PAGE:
The Gross Value Added (GVA) numbers for 2017/18 grew by 6.47 per cent, the slowest in four years since the Narendra Modi government took over. Even as the numbers for the first quarter of 2018/19 are awaited, all trends show that even this jump would not have been possible without the government spending more.
While Gross Domestic Product (GDP) is a measure of the value of goods and services produced in an economy in a given period, GVA is what accrues to the producer before the product/service is sold. The GDP equals GVA plus indirect taxes minus subsidies. One of the constituents of GVA is public administration, defence and other services. It is a good representation of the government in the economy. Take a look at the top graph that plots the growth in public administration, defence and other services since FY2012/2013.
As is clear from this graph, the government, as part of the GVA, has grown in the last two financial years and the growth has been greater than 10 per cent. In the past, this type of growth in government was seen only in the aftermath of an economic crisis in 1999/2000 and then again in 2008/2009 and 2009/2010.
Now, take a look at the second graph (Economic Growth) that plots GVA growth and non-government GVA growth, after subtracting public administration, defence and other services from the GVA.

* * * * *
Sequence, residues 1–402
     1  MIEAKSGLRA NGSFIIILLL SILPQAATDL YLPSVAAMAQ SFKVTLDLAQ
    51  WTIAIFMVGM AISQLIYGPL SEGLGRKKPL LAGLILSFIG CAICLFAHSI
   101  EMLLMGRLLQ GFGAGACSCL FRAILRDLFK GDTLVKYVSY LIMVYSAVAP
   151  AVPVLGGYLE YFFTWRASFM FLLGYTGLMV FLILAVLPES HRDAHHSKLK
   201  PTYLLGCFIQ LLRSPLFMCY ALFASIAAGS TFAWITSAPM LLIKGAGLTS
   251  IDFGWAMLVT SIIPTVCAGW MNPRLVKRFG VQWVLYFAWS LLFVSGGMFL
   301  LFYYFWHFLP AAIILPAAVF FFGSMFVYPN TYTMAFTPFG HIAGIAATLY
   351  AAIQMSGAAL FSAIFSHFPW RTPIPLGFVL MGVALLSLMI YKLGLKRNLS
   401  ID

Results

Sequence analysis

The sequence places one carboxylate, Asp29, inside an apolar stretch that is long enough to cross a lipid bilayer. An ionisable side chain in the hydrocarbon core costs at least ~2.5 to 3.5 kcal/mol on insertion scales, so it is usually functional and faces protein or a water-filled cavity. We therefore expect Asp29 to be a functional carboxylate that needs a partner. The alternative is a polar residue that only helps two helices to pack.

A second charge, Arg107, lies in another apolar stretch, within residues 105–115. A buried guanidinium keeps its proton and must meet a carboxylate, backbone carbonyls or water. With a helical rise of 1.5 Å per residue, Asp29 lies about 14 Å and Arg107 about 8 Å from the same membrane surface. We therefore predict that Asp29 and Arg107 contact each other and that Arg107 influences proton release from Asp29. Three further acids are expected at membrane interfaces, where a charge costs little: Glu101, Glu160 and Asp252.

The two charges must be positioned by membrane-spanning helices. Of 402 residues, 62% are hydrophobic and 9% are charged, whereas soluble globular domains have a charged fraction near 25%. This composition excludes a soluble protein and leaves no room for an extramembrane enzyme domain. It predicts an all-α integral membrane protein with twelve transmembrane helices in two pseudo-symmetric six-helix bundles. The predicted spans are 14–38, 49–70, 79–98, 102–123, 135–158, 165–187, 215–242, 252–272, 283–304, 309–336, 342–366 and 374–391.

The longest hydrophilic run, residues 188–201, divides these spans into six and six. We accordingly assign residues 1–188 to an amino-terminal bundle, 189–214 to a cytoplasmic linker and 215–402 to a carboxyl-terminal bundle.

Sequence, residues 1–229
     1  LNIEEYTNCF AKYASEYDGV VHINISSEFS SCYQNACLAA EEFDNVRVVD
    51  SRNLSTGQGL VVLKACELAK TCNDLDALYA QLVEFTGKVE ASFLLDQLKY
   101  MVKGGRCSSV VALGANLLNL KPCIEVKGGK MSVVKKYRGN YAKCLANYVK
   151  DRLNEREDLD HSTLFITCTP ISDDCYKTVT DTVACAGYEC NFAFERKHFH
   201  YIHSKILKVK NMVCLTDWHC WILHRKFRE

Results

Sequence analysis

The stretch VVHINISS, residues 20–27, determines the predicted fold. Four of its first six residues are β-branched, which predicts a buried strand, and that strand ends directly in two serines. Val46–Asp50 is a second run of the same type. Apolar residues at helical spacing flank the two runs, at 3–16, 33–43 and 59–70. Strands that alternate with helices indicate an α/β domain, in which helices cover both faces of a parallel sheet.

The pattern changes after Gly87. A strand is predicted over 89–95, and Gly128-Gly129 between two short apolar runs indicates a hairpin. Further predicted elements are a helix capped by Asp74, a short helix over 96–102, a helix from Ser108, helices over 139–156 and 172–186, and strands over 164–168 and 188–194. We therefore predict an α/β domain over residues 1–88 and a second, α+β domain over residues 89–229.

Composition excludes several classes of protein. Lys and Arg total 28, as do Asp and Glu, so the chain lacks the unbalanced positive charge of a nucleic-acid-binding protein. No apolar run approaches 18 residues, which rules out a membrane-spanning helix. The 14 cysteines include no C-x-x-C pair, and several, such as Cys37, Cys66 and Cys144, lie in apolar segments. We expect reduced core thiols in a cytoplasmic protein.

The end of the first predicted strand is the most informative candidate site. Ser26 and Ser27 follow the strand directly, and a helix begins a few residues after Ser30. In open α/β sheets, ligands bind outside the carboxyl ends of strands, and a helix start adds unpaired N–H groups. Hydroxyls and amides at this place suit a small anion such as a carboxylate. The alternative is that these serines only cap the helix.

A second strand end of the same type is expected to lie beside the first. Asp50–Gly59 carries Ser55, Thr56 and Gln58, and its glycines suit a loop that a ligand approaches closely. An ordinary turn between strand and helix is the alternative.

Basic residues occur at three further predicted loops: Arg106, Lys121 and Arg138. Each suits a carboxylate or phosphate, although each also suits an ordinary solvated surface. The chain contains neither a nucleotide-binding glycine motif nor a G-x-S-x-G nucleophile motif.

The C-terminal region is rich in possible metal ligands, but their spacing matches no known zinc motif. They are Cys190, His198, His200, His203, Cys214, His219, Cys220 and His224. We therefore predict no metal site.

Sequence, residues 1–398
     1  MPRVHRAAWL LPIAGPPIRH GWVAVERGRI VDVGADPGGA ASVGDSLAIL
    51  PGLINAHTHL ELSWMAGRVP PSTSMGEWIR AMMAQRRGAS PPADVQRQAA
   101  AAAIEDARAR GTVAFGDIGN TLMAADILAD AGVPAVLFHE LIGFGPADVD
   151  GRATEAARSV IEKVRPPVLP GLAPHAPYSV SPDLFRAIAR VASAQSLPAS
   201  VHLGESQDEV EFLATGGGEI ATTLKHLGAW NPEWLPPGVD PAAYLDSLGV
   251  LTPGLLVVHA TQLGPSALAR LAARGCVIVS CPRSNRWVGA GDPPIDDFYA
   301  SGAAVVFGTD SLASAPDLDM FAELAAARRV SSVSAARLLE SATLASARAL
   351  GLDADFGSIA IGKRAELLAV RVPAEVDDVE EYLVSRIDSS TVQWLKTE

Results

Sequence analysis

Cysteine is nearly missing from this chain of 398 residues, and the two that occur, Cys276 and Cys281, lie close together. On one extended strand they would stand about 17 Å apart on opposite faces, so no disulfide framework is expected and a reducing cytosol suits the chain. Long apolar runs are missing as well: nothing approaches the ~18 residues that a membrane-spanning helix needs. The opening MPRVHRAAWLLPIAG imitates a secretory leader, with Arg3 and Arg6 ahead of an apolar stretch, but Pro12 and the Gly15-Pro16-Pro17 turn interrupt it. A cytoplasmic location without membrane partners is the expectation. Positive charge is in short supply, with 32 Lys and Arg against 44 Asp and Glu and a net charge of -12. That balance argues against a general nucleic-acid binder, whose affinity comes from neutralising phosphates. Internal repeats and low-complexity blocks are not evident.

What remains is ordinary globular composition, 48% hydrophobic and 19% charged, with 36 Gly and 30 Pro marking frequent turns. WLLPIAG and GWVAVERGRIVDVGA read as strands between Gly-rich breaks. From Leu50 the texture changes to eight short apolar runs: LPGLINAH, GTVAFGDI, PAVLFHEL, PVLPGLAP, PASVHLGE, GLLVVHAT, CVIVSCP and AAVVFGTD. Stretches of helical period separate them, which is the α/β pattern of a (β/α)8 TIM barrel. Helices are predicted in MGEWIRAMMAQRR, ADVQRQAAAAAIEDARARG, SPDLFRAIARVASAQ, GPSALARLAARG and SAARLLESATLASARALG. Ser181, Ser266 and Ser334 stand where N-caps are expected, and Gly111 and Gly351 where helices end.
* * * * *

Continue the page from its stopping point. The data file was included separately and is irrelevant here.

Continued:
It clearly shows that in the last two years, the non-government GVA growth has been slower than the overall GVA growth. It also tells us that the overall GVA growth, and in the process, GDP growth, has been bumped up by the government spending more.
In fact, the total expenditure of the state governments as well as the central government increased from 26.3 per cent of GDP in 2014/2015 to 29.2 per cent of GDP in 2016/2017. The expenditure would have continued to remain high in 2017/2018 as state governments waived off farm loans. It has increased the expenditure of the state governments. The governments also need to compensate the banks, which had given these loans.
At the central level, with the implementation of the Seventh Pay Commission, salaries have gone up and there has also been an increase in defence pensions.
The larger point is that without this increase in government spending as part of the economy, the GVA would not have grown at 6.47 per cent as it did in 2017/2018. It also means GDP would not have grown at 6.68 per cent. GDP has now become the Government Domestic Product. The trouble is, it is clearly not sustainable. The government's ability to spend more continues to remain limited.